Parents, what does that word mean to you?
Put $5,000 in the hands of two different men and tell them to do whatever they want with it. If one of them is wise, he will invest it, either in himself or into an asset that produces more money.
Actually, the wise one will have already done that many times over, and will simply donate the $5,000 to others in need.
Someone else may buy a really fun gadget or put a down payment on a car — something that will be gone in a decade either way.
Maybe you’d use it to pay off debt.
Chess has its own system of economics. Pawns are considered the basic unit, represented as $1.00 in financial terms.
Much like monetary value, chess values are also not absolute. In the hands of a wise player, an investment that may look foolish to some can turn the game in that player’s favor.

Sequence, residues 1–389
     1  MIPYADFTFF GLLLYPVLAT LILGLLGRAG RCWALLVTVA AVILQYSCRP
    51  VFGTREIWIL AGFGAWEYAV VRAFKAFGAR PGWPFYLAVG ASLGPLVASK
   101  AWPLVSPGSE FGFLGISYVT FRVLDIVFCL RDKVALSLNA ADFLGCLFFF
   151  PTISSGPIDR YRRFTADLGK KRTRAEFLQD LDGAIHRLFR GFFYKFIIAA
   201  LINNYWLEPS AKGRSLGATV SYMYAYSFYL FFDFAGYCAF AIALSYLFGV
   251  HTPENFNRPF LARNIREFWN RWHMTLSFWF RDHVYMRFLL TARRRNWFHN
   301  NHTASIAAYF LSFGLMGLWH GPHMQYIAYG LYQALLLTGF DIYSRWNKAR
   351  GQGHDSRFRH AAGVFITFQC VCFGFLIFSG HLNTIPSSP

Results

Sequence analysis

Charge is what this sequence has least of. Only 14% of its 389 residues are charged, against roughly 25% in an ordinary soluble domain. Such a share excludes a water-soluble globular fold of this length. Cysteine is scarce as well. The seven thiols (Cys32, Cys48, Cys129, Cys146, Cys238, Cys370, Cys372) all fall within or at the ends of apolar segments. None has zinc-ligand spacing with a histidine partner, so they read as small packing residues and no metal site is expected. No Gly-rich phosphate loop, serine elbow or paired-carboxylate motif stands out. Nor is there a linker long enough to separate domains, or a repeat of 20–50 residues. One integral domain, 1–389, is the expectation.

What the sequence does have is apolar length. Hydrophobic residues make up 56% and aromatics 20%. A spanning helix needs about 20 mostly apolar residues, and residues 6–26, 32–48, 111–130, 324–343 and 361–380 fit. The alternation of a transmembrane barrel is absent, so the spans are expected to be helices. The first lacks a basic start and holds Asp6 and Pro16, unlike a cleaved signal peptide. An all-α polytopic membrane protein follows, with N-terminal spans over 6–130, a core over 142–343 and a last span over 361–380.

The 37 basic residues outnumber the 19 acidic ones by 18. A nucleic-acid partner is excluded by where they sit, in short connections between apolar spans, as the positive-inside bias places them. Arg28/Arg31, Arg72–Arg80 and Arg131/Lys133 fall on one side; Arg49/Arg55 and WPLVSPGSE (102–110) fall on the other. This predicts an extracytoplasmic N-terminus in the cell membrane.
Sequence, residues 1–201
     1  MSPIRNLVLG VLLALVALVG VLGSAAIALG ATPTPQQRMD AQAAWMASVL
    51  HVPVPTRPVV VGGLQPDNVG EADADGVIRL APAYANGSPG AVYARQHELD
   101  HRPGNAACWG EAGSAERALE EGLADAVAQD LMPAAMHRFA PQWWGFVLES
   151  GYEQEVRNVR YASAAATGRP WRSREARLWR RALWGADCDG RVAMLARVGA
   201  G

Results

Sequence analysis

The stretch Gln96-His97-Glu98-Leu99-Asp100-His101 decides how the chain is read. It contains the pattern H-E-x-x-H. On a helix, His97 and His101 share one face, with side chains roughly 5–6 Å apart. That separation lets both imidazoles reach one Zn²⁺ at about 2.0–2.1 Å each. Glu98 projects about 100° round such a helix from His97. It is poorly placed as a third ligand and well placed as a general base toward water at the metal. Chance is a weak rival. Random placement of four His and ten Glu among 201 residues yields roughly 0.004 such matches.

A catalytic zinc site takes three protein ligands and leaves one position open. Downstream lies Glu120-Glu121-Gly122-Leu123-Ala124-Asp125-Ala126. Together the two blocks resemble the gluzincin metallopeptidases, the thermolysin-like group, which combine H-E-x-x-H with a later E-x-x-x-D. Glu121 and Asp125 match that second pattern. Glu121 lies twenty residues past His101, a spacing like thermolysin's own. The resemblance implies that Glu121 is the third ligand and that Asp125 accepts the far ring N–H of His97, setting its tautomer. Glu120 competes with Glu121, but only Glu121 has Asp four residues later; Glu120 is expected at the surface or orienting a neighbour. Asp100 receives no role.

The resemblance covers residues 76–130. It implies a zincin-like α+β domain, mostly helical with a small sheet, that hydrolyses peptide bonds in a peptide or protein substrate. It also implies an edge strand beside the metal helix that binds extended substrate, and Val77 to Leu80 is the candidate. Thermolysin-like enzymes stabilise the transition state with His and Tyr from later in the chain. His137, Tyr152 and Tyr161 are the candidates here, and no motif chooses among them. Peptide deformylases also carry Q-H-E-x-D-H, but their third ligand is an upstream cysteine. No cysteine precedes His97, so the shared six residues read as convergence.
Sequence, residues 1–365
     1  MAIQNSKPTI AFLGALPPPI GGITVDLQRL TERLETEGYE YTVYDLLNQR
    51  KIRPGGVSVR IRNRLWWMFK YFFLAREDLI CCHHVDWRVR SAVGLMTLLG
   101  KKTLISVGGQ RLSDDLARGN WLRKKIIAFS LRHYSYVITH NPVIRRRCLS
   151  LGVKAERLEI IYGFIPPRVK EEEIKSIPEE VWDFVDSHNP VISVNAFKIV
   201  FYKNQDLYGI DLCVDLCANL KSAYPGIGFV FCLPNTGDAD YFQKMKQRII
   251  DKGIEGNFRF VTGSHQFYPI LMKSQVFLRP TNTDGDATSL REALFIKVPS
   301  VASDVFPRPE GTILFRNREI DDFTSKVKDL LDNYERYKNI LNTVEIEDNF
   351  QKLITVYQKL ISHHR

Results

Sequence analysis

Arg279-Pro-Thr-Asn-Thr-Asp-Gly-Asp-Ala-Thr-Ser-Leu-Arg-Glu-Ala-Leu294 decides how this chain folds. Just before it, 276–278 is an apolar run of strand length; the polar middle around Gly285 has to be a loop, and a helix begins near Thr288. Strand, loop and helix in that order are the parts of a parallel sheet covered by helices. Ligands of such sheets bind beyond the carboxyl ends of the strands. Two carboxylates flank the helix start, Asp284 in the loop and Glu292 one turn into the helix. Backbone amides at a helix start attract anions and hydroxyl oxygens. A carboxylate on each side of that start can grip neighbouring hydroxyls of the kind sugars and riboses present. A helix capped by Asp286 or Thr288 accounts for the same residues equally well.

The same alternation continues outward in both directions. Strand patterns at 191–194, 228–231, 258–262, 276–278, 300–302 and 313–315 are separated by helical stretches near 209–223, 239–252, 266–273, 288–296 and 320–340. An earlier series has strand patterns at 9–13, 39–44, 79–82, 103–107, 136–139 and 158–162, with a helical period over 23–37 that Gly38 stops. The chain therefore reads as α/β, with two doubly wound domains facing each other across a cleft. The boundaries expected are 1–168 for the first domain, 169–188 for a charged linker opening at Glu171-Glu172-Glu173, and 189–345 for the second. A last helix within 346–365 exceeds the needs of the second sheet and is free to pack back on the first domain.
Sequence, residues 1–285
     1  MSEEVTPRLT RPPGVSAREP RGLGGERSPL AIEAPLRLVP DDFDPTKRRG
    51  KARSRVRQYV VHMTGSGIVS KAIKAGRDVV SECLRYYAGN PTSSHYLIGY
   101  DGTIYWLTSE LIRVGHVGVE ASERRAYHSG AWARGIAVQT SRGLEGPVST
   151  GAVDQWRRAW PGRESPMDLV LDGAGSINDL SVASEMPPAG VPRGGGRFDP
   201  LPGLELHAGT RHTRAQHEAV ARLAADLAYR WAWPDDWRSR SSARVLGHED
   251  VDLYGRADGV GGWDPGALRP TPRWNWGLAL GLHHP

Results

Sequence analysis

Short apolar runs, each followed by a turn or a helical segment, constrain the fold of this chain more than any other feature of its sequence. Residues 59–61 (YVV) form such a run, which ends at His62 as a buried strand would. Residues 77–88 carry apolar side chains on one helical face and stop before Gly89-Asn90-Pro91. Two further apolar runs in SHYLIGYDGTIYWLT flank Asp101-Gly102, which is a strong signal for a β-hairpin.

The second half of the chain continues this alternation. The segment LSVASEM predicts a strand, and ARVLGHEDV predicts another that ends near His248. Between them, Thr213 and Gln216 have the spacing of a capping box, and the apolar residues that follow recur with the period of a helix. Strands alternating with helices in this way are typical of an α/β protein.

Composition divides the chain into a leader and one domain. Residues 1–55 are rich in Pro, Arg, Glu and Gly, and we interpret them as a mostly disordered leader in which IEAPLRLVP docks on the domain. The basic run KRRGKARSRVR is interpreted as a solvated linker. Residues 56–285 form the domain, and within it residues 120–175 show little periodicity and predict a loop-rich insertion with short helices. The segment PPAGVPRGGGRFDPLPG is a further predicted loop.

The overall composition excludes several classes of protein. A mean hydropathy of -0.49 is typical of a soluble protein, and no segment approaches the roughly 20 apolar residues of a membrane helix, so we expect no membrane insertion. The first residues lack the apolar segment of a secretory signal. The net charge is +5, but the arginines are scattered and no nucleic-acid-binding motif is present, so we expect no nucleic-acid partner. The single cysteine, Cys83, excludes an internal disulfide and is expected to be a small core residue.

Simply put, any piece — even the lowly pawn — can become more important than anything else on the board in the hands of a master.
And many times they will have invested their queen ($9.00) by sacrificing it for a pawn, and often will need to invest more in order to achieve victory through checkmate.
A lesser player, however, will struggle to win even when given advantages.
Kind of like someone squandering an inheritance of nearly $17K at the age of 18 and having nothing to show for it less than a year after acquiring it.
Not that I know from experience, of course. 😉
That advantage I was given could be an empire right now had I not squandered it.
In the hands of a money master, it surely would be one.
I’ve educated myself thoroughly on money management since that time and I continue to do so, but the most important fact I’ve recently discovered is that:
Like chess values, money is also relative.
I’ll never have that opportunity back to do over again, but I believe all of my best opportunities are still to come.
Now I’m ready!